NAHB Chief Economist Robert Dietz recently provided this housing industry overview in the bi-weekly e-newsletter Eye on the Economy.
New single-family home sales in June declined 6.6 percent, the most current data available, falling to a 676,000 annualized rate. Although new home sales are 13.5 percent higher on a year-to-date basis compared to 2020, the June data marked the third consecutive monthly decline.
The reasons why sales have softened since the end of 2020 have generated an ongoing debate in the media. Some have noted that builders are limiting sales because of a lack of inventory and higher construction costs. Others claim that higher home prices (new home prices are up 10 percent since January 2020) have priced many buyers out of the market.
Both of these claims have merit. Supply-side factors (particularly materials, labor and lots) are holding back housing supply, with ready-to-occupy new home inventory down 44 percent over the last year to just 34,000 homes. Moreover, NAHB survey data indicate buyers’ perceptions of housing affordability are waning, and rightfully so: The share of buyers who can afford less than half the homes available for sale worsened from 63 percent at the end of 2020 to 71 percent by midyear.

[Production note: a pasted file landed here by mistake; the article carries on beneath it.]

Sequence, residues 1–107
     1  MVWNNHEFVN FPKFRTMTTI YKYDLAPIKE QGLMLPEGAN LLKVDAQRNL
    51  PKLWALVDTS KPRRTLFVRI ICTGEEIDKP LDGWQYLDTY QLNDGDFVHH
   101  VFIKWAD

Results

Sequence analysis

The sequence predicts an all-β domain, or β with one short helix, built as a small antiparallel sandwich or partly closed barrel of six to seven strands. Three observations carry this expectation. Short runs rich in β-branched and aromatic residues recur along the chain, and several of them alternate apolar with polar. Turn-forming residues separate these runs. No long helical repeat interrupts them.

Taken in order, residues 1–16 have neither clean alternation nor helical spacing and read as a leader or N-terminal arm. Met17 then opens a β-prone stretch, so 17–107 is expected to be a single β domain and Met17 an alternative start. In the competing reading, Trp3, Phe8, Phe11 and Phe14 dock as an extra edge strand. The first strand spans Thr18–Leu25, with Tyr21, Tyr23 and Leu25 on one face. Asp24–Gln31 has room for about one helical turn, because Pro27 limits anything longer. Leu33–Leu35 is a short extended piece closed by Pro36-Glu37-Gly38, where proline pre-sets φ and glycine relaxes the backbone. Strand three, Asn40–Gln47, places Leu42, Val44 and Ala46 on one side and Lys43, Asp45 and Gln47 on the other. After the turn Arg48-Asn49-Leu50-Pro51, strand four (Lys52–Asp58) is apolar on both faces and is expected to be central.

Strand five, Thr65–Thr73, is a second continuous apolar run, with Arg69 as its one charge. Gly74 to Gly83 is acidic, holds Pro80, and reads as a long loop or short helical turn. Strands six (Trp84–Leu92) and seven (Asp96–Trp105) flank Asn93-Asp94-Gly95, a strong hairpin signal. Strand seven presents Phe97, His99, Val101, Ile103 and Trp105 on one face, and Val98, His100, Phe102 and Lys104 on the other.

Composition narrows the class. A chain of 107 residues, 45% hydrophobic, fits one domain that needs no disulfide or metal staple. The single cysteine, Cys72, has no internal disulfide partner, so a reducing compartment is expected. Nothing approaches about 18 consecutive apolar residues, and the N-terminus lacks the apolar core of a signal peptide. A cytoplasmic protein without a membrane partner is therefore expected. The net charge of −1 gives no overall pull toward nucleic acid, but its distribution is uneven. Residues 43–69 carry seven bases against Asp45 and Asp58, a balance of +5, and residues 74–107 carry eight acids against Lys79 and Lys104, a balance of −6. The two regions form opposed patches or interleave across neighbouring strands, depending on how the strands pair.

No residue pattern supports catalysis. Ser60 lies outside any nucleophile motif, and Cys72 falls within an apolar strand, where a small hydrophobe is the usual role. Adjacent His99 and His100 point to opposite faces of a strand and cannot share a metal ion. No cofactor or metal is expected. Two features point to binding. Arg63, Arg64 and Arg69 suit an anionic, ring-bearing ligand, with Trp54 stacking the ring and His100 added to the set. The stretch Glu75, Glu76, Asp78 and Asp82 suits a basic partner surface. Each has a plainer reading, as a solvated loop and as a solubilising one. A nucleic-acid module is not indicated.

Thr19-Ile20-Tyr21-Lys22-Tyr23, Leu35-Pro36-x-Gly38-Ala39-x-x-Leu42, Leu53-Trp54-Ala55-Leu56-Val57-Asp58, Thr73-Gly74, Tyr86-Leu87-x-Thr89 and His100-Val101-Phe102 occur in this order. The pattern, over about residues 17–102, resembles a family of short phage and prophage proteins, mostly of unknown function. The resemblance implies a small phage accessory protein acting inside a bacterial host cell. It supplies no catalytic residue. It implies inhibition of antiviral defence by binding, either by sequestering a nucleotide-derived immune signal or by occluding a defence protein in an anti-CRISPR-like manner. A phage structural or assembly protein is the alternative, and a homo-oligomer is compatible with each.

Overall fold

During the second quarter, pricing was the No. 1 reason active buyers did not make a home purchase. Given higher construction and development costs, and the potential for higher interest rates in the coming years, these variables are worth watching. Meanwhile, multifamily rental demand is growing and the apartment construction market is expanding.
Ultimately, higher interest rates will depend on the pace of economic growth and the future of monetary policy in an environment with growing uncertainty. Second quarter GDP growth came in at a somewhat lower-than-expected rate of 6.5 percent. NAHB is forecasting continued economic growth in 2021, resulting in an overall growth rate just below 7 percent for the year, which would mark the best rate since 1984.
However, because of choppy conditions, including concerns over the delta variant, the Federal Reserve continues its dovish approach to monetary policy. For its July meeting, the Fed held the federal funds rate near a zero rate and did not provide guidance on a future tapering of Treasury and mortgage-backed security (MBS) purchases. Fed Chairman Powell notably stated that when a taper does occur (which we expect will happen this fall), the reduction of MBS purchases will not occur without a reduction for Treasuries as well.